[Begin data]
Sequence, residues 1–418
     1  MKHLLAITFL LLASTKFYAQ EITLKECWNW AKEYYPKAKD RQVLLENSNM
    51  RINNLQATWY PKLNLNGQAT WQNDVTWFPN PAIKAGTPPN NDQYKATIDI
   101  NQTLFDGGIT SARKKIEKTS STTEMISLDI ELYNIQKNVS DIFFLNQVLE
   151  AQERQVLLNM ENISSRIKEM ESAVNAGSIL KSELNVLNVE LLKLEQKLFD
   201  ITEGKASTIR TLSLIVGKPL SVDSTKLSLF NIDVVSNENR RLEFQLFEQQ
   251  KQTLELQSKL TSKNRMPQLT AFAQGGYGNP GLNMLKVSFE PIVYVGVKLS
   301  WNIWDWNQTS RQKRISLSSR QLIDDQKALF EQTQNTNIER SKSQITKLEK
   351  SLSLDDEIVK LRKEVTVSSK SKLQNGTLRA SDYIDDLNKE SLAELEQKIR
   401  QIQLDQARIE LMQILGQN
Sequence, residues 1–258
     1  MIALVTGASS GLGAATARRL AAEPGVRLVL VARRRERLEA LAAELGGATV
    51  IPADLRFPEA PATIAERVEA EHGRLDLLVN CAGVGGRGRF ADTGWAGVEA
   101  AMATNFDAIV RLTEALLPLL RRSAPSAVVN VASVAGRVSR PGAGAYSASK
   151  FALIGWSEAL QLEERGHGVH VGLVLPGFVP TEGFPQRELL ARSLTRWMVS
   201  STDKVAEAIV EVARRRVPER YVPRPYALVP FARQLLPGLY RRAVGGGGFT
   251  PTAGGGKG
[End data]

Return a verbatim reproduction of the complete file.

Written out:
Sequence, residues 1–418
     1  MKHLLAITFL LLASTKFYAQ EITLKECWNW AKEYYPKAKD RQVLLENSNM
    51  RINNLQATWY PKLNLNGQAT WQNDVTWFPN PAIKAGTPPN NDQYKATIDI
   101  NQTLFDGGIT SARKKIEKTS STTEMISLDI ELYNIQKNVS DIFFLNQVLE
   151  AQERQVLLNM ENISSRIKEM ESAVNAGSIL KSELNVLNVE LLKLEQKLFD
   201  ITEGKASTIR TLSLIVGKPL SVDSTKLSLF NIDVVSNENR RLEFQLFEQQ
   251  KQTLELQSKL TSKNRMPQLT AFAQGGYGNP GLNMLKVSFE PIVYVGVKLS
   301  WNIWDWNQTS RQKRISLSSR QLIDDQKALF EQTQNTNIER SKSQITKLEK
   351  SLSLDDEIVK LRKEVTVSSK SKLQNGTLRA SDYIDDLNKE SLAELEQKIR
   401  QIQLDQARIE LMQILGQN
Sequence, residues 1–258
     1  MIALVTGASS GLGAATARRL AAEPGVRLVL VARRRERLEA LAAELGGATV
    51  IPADLRFPEA PATIAERVEA EHGRLDLLVN CAGVGGRGRF ADTGWAGVEA
   101  AMATNFDAIV RLTEALLPLL RRSAPSAVVN VASVAGRVSR PGAGAYSASK
   151  FALIGWSEAL QLEERGHGVH VGLVLPGFVP TEGFPQRELL ARSLTRWMVS
   201  STDKVAEAIV EVARRRVPER YVPRPYALVP FARQLLPGLY RRAVGGGGFT
   251  PTAGGGKG